Thursday, March 21, 2013

The Hypocrisy of Muslim Discrimination against Christians in Pakistan


3/14/2013 Pakistan (Pakistan Today) - Two hundred houses were looted and burnt – Bibles were burnt to ash and crosses put to flame – by a mob of over 2,000 Muslims at Joseph Colony, Badami Bagh in Lahore. At the heart of it was a drunken exchange of abuses between two men: a Muslim and a Christian. Somehow, after one day of silence, the exchange was reported to have involved certain allegedly ‘blasphemous’ remarks against the Prophet (PBUH). Sunni Tehreek activists entered the fray to act as ‘witnesses’ to the apparent quarrel in the Christian’s bilSourceliards shop.

First: the accused’s father was arrested under mob pressure last Friday, then the accused turned himself in. However, the climate was reported to have been amplified by the entry of certain external actors and police officials asked the over 200 Christian families in Joseph Colony to leave. They did. The next morning, it was as if police had invited the mob to ransack, loot and burn Joseph Colony as they stood and watched. Media got a full out view of the mob attack. And slowly but surely viewers began to react and condemn the incident – but while confined to drawing rooms. The homes that were burnt were not ours.

We would call the violence: “outrageous”, “madness”, “shameful” but it would not force us to get out of our homes – or even question the everyday practices which cause such an event. Surely, the daily discrimination against Christians, labelling of them as ‘untouchables’ – let alone questioning the perimeters of the blasphemy law is what the debate should have been about. “The violence was wrong but the accused must still be punished” was the view many presented on the day. The fact that a drunk man’s testimony – let alone accusation – has little weight in the due process of law. To the mob who burnt down Joseph Colony “the drunk Muslim was upholding the honour of their Prophet”.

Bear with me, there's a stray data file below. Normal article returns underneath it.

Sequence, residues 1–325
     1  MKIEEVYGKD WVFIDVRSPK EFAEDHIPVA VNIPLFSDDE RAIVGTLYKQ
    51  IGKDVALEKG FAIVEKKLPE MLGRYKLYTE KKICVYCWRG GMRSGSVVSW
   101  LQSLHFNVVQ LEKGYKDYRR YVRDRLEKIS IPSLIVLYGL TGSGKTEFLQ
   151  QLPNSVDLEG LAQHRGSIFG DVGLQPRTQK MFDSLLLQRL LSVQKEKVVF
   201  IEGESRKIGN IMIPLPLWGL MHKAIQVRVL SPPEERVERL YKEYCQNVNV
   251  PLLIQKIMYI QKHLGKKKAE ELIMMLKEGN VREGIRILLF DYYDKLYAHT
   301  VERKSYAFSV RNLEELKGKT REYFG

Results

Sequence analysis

The irony in the ground reality was lost on most Muslim Pakistanis – but certainly not on the city’s 500,000 strong Christian community. Protests began the same day and lasted till Tuesday. But more reason for outrage should have been found. The same police force that stood by and watched 3,000 people loot and plunder Joseph Colony, fired over 500 tear gas canisters on Youhanabad, the largest Christian settlement in the country, with over 4,000 households. Over a hundred Christians were arrested at a point when no one had been arrested for the Joseph Colony mob attack. Policemen in riot gear told a reporter in this newspaper: “These are choorhas.”

The term evoking the severe caste-based discrimination prevalent in the subcontinent Muslims maintains that Christians/choorhas (used interchangeably) are ‘untouchables’. This was clearly the basis of the Asia Bibi case which came to light in late 2010 and by early 2011 had resulted in the murder of both the then Punjab Governor Salmaan Taseer and Minorities Minister Shahbaz Bhatti. Having spent two months back then trying to get to the bottom of the case, the only undisputed fact was that the cleric and two accusing ladies believed that “Christians could not shake hands with Muslims, let alone eat with them”. The principle the public protests against the demand for her release defended was not the honour of the Prophet (PBUH) but the right to maintain the status of Christians as ‘untouchables’(Source).

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